Summary
During the July 2017 visit of UK Secretary of State Lord Price to Southern Africa a commitment was made to replicating current market access arrangements post-Brexit. However it remains unclear how this to be achieved. The transitional extension of existing reciprocal preferences could not only face serious opposition from WTO members but would be far from a simple ‘technical exercise’. New rules of origin which took account of the UK’s departure from the EU agreement would be essential, in order to establish which products qualified for ‘originating status as UK products. The alternative would amount to an absence of rules or origin. Either would be a substantive modification of the existing terms of the UK’s export trade. The future of Tariff rate Quota (TRQ) arrangements under the EU agreement would also need to be resolved in the immediate post Brexit period. Looking to the longer term, there are a multiplicity of non-tariff issues related to post-Brexit UK trade and agricultural policies which give rise to profound uncertainties over the future value of any post Brexit preferential trade arrangement with the UK for certain SACU members. Many of these uncertainties will need to be addressed before the future value of a bilateral trade deal with the UK can be fully assessed. Read more “DIT SACU Discussions to Extend Current Access to the UK Market More than a Technical Exercise”

Difficult context for Guyanese sugar sector restructuring faced

Summary
The government of Guyana has announced plans to restructure and downsize the sugar sector, with a focus on the production of direct consumption and specialty sugars for national regional and preferential markets. Revenue diversification through electricity co-generation will also be promoted. Guyana will need to strengthen its marketing infrastructure if it is to be able to compete on regional markets, given the wider trade consequences of EU sugar sector reforms. While EU markets will no longer be a focus, opportunities could exist for the development of new partnerships for the marketing of specialty sugars in Europe.  Read more “Difficult context for Guyanese sugar sector restructuring faced”

Sustainability: Choosing between beet sugar and cane sugar

Summary
While sustainability considerations are not yet a major concern in sugar sourcing, developments in the cocoa and palm oil sectors suggest it will be only a matter of time before sustainability certification is increasingly demanded by food and beverage manufacturers in the EU.  the Bonsucro initiative is an attempt to get ahead of the curve on sustainability certification in the sugar sector. To date however there has been little engagement by ACP sugar exporters in the Bonsucro initiative. Given smallholder sugar producers struggle to obtain sustainability certification there appears to be a case for EU supported ‘aid for sustainability’ programmes to ensure smallholder sugar producers are not systematically discriminated against. Read more “Sustainability: Choosing between beet sugar and cane sugar”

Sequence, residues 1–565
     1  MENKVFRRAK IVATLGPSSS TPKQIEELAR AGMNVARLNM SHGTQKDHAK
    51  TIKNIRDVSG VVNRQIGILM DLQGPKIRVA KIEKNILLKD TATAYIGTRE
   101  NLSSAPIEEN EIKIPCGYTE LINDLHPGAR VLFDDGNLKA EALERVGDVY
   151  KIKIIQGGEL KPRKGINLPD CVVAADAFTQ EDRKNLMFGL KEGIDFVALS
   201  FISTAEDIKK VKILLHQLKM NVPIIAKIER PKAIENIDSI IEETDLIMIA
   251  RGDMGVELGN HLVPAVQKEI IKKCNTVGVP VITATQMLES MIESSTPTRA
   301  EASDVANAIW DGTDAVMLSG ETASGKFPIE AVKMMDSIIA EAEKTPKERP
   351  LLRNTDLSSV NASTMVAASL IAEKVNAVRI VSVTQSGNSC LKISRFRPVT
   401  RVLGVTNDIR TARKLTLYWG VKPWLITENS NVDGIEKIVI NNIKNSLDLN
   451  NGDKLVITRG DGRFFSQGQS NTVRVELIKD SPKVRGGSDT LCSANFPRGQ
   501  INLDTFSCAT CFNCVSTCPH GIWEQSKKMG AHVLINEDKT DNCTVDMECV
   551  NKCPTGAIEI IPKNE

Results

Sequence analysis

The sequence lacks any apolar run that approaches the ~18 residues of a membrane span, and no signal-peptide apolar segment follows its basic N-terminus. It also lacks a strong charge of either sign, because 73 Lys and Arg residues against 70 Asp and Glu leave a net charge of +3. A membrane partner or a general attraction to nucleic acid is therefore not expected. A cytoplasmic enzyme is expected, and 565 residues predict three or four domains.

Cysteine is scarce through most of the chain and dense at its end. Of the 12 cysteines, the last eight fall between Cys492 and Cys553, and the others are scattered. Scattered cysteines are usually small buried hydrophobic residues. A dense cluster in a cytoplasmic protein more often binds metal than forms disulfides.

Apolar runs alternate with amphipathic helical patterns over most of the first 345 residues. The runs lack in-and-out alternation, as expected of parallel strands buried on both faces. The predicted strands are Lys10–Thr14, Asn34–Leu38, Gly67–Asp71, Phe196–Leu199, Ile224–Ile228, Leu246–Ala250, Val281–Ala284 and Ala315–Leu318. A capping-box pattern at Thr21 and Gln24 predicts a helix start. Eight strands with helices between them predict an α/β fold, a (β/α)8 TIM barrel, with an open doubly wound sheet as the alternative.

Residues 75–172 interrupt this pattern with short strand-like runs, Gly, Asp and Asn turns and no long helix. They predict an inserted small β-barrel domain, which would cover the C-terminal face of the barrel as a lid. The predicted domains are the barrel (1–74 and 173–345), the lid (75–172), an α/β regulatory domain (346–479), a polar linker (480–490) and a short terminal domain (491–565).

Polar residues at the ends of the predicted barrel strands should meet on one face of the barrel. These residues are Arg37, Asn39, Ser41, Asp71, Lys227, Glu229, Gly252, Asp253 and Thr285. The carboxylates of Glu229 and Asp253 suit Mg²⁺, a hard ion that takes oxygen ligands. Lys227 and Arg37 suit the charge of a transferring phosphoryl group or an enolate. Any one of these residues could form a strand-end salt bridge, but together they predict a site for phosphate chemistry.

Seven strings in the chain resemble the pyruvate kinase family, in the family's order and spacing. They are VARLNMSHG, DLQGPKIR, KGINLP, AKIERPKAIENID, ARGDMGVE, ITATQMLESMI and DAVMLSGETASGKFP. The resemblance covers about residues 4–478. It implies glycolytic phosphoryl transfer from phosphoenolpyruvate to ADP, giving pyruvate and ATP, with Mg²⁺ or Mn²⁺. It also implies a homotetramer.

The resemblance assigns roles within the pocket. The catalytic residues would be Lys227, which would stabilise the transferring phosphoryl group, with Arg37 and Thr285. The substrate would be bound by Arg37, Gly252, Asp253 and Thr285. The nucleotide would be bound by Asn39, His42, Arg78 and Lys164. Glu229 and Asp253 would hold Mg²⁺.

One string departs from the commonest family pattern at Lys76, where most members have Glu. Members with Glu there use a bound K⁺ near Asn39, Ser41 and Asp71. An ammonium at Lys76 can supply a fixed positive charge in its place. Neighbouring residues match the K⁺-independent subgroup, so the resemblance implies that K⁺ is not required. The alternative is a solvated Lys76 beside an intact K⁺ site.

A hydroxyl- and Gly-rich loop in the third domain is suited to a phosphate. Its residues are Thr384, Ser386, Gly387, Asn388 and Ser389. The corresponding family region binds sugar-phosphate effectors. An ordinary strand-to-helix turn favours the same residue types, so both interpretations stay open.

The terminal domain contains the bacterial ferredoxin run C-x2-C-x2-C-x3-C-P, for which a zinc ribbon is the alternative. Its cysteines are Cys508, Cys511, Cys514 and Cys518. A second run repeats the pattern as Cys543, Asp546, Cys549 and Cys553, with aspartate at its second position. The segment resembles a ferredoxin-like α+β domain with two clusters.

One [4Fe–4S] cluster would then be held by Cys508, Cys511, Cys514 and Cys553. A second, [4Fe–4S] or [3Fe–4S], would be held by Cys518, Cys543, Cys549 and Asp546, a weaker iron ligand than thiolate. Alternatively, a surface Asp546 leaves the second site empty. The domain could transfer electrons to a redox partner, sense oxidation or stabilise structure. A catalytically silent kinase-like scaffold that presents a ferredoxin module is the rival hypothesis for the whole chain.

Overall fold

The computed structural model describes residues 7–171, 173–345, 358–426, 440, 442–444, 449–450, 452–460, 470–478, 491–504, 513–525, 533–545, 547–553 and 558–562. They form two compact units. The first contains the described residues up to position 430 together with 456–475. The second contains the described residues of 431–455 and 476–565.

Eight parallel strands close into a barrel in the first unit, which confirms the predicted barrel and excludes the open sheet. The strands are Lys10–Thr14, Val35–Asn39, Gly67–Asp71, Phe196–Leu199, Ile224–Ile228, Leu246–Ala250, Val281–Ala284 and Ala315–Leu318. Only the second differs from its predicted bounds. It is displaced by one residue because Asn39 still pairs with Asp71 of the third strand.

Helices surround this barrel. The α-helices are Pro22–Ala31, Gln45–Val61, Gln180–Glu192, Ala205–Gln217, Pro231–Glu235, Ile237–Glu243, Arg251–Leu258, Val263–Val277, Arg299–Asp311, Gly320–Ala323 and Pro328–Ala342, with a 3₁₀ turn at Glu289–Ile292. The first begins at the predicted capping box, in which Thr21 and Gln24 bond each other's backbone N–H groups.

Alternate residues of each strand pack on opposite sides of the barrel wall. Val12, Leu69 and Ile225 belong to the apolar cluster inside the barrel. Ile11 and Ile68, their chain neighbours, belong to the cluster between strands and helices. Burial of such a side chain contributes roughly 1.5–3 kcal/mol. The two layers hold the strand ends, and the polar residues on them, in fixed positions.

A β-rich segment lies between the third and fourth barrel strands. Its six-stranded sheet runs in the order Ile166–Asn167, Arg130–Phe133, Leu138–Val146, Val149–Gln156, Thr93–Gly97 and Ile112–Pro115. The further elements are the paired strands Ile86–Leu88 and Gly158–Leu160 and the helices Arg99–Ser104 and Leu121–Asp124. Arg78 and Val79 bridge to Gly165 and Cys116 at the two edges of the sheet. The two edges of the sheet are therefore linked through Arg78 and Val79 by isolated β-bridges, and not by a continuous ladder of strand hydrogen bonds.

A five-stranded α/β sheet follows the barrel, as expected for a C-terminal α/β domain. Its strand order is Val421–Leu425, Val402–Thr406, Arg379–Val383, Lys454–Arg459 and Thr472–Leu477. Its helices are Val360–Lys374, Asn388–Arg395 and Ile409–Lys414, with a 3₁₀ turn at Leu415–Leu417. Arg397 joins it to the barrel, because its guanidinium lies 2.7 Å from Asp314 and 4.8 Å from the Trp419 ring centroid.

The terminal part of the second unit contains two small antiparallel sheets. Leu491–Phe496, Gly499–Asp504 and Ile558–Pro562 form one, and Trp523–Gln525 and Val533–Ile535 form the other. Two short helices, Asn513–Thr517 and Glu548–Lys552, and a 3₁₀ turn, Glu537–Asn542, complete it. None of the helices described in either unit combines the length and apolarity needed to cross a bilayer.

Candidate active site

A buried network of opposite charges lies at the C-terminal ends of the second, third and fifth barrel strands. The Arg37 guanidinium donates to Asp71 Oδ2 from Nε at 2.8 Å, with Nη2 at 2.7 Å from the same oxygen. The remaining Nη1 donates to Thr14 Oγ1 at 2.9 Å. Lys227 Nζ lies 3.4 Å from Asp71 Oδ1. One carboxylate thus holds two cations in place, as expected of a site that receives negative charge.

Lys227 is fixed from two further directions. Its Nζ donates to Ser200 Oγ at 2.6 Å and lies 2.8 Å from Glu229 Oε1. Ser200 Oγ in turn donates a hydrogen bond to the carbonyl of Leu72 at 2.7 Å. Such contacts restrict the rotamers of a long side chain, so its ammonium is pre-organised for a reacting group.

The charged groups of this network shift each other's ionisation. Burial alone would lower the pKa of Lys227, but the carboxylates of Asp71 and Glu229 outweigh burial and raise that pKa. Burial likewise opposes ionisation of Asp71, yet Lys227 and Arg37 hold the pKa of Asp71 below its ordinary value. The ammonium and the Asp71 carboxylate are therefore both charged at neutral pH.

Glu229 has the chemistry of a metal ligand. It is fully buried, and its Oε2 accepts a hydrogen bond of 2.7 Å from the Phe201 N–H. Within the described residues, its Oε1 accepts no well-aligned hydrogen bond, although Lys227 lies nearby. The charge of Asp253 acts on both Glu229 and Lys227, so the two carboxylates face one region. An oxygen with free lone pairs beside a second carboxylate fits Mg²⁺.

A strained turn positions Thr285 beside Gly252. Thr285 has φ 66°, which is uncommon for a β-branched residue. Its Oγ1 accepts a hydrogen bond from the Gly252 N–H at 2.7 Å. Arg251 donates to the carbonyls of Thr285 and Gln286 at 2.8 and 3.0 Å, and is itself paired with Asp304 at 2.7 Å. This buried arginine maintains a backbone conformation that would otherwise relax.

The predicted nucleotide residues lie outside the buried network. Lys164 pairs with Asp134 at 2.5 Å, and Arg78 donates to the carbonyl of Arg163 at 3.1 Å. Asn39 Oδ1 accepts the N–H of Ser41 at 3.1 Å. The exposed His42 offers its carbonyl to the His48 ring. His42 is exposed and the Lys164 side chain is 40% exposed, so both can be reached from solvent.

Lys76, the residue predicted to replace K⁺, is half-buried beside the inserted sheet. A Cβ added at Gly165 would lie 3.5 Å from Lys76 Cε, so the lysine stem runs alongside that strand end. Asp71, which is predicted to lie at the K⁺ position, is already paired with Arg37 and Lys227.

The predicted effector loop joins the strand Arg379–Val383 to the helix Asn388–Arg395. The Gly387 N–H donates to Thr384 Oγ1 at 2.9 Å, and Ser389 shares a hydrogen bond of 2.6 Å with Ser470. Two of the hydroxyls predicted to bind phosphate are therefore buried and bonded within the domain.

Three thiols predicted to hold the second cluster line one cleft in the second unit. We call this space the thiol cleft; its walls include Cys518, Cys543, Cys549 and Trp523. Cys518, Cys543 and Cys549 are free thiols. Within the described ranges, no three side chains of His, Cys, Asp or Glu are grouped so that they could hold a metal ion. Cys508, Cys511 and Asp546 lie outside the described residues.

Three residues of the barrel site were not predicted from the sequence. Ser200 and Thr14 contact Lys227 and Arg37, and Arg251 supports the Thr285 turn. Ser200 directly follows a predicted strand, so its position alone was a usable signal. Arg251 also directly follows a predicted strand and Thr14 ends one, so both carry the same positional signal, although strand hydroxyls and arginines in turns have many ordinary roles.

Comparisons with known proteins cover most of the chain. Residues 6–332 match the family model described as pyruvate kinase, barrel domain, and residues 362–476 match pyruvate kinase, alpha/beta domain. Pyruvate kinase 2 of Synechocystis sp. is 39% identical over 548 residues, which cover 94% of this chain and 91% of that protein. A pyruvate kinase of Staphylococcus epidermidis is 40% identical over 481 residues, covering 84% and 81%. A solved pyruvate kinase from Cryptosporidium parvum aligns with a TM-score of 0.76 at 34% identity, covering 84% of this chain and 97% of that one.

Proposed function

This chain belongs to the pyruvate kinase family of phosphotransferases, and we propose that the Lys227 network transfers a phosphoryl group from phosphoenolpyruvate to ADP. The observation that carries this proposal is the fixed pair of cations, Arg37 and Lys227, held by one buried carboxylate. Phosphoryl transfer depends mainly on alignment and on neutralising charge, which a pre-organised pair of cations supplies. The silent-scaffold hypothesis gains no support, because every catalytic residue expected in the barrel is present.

USDA foresees greater price instability as EU sugar production quotas end

Summary
USDA confirms a projected 2.1 million tonnes expansion in EU sugar production, which will transform the EU’s sugar trade position. While this is likely to create far from promising prospects for ACP sugar exporters, capacity utilisation maximisation considerations of individual beet processors could create new opportunities for ACP raw cane sugar exporters. USDA also see’s potential opportunities for raw cane sugar exports to the Southern and eastern periphery of the EU. This will require ACP sugar exporters to get much closer to individual dedicated EU raw cane sugar refiners in the Southern and Eastern periphery of the EU and individual sugar beet co-refiners in core EU sugar beet producing regions. Read more “USDA foresees greater price instability as EU sugar production quotas end”

Multiple challenges pending for ACP sugar exporters

Summary
The production and trade consequences of the abolition of EU sugar and isoglucose quotas are just the tip of an iceberg of challenges facing ACP cane sugar exporters. These developments will be compounded by the uncertain prospects for global sugar markets and the UK’s pending departure from the EU. The overall situation is further complicated by sustained regulatory pressure to reduce the sugar content of processed food and drink products, both in Europe and beyond, and the growing availability of alternative sweeteners. This will create a context where only the most efficient ACP sugar cane industries are likely to be able to compete on the EU27 and the UK markets.  Read more “Multiple challenges pending for ACP sugar exporters”